The Toledo City Council has voted to temporarily close Kemp Olson Memorial Park as of Nov. 8 due to concerns winter storms could cause unsafe trees and limbs to fall.
Discussed during the council's Nov. 3 meeting, officials decided the park should be closed for all uses in light of the potential hazards, stating the closure will begin after the Lewis County Veterans Day Parade concludes this Saturday afternoon.
"My big concern is public safety," said Public Works Superintendent Craig McCown to the council. "I don't want anyone walking in there or driving in there when it's blowing bad."
McCown said he had sought the advice of two different arborists in regard to potentially-dangerous trees on city property and was told multiple trees at the park pose a threat until they are trimmed or cut down, stating he would not have funding in his budget to do so until next year.
"[The term] widow-maker was brought up quite a bit," he said of the inspection, noting the severity of some problem trees in the park.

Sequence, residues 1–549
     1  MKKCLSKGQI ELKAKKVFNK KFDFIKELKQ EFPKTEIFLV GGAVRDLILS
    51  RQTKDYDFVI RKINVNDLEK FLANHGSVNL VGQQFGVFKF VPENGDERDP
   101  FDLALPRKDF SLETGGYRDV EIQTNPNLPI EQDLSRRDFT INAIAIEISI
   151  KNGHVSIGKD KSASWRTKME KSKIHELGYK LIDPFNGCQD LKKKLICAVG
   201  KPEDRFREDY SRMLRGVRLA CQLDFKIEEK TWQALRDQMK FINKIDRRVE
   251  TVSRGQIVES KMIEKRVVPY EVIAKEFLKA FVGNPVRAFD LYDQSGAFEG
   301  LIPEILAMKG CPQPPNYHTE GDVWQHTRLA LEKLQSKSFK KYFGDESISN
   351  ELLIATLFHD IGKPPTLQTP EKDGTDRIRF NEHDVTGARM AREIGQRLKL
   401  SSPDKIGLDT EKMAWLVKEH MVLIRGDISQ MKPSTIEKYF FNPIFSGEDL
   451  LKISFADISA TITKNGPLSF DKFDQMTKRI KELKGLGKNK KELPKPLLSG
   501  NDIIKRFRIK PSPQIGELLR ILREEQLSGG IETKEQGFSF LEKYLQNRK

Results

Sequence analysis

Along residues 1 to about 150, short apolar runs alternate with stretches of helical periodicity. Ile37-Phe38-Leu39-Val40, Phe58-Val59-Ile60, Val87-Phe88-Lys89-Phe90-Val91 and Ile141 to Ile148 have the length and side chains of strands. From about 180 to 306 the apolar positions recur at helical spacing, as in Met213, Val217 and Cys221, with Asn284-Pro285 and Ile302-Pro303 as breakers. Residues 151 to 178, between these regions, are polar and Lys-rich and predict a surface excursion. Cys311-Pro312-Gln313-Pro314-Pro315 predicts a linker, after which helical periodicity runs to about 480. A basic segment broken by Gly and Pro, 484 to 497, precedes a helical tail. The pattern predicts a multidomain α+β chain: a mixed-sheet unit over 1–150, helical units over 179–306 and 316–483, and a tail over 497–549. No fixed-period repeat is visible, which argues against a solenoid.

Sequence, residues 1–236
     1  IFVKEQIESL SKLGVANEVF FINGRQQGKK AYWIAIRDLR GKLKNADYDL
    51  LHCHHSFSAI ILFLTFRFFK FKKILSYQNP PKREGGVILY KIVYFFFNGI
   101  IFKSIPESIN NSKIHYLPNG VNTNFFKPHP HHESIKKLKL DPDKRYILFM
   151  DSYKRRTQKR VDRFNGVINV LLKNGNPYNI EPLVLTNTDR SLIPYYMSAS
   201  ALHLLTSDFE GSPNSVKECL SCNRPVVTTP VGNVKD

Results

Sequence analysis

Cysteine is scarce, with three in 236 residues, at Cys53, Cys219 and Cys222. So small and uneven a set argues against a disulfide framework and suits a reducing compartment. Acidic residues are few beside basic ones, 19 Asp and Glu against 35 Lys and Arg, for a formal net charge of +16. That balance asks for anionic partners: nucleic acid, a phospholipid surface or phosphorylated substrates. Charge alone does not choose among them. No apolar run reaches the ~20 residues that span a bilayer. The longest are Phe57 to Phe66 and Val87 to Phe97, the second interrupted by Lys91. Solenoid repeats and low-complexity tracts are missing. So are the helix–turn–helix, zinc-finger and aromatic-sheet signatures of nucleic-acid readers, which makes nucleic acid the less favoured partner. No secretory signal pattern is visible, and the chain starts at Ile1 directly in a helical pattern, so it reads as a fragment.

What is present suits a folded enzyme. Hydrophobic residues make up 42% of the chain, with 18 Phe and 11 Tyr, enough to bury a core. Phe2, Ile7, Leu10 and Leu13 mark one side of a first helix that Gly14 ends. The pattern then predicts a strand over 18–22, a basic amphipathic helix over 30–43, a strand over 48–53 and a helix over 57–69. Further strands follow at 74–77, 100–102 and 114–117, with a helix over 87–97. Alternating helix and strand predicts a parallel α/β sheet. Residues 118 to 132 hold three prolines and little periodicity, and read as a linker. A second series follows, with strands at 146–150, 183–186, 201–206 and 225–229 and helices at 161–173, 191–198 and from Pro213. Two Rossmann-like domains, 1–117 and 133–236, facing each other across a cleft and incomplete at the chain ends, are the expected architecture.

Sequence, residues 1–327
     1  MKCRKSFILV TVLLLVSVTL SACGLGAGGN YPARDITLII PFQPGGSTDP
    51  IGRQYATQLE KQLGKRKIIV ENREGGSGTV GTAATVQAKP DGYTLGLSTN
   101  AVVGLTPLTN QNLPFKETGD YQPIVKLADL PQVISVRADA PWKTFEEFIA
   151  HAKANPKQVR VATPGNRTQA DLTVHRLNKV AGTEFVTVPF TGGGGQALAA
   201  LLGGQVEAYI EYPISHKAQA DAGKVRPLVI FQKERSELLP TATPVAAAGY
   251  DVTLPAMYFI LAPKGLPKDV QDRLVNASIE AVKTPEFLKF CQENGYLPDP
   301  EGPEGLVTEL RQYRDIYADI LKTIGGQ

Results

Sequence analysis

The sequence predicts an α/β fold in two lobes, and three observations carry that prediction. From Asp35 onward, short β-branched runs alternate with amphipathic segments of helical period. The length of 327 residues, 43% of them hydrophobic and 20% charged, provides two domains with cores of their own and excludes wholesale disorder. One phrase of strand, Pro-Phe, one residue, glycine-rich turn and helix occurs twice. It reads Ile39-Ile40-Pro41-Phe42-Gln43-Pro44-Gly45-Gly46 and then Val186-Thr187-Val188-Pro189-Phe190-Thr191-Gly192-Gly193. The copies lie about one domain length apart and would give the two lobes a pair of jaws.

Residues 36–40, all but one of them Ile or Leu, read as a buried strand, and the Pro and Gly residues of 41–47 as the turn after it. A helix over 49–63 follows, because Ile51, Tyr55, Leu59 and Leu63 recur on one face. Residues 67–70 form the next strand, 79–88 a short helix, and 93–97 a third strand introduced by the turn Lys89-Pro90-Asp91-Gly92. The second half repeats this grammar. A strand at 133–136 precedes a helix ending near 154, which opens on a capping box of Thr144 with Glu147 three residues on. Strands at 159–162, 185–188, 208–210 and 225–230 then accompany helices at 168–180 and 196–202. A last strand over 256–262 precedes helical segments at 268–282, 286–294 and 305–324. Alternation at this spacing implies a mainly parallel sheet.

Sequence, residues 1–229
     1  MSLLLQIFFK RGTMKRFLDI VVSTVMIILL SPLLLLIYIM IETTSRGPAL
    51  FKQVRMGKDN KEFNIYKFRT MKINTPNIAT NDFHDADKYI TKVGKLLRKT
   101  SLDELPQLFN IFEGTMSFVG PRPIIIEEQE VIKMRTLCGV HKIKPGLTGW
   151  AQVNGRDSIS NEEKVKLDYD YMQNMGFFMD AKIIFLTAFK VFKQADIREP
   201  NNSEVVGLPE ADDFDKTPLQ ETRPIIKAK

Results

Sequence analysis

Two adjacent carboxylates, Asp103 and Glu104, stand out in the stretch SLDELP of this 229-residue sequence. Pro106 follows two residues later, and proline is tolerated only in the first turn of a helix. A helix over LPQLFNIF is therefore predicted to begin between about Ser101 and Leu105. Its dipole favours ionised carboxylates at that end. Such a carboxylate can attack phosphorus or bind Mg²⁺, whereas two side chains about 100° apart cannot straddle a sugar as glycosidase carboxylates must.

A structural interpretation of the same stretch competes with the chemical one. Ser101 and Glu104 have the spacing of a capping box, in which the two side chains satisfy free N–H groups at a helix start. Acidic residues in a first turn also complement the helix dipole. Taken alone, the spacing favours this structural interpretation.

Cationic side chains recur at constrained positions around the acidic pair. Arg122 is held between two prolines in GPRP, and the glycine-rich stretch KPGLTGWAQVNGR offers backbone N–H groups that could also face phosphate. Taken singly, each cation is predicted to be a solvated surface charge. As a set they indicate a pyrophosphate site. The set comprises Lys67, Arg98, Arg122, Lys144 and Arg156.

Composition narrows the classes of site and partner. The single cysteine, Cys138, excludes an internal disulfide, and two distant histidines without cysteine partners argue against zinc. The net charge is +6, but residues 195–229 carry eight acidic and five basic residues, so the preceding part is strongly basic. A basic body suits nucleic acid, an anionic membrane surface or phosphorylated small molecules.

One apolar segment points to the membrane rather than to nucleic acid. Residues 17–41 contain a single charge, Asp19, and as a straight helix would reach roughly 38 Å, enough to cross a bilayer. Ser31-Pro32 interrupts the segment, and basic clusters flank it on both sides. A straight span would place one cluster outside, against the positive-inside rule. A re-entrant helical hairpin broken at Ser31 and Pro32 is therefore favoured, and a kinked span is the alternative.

When voting to close the park, the council did so with the expectation the Park Board would review their decision and come up with a recommendation for a longer-term solution, which the council would then consider at an upcoming meeting. (The next scheduled meeting of the Park Board is on Nov. 12, and a recommendation from the board could be considered by the council as soon as their Nov. 17 meeting.)
When the possibility was discussed the park could remain open when the weather is clear, at least to foot traffic and day-users, officials stated this would be impractical given how Northwest weather is typically windy and rainy during the wintertime, with McCown adding he feels even small levels of wind or rain could make the trees dangerous.
Mayor Jerry Pratt noted the park has been regularly closed to vehicle traffic during the fall and winter to prevent tire tracks from being left in the wet terrain, though not as a matter of policy but rather at the discretion of the council.
It was also noted a complete closure would affect Park Caretaker Ric Kindle's ability to remain on-site, with McCown stating he understands Kindle would be prepared to reside elsewhere during the closure, if need be.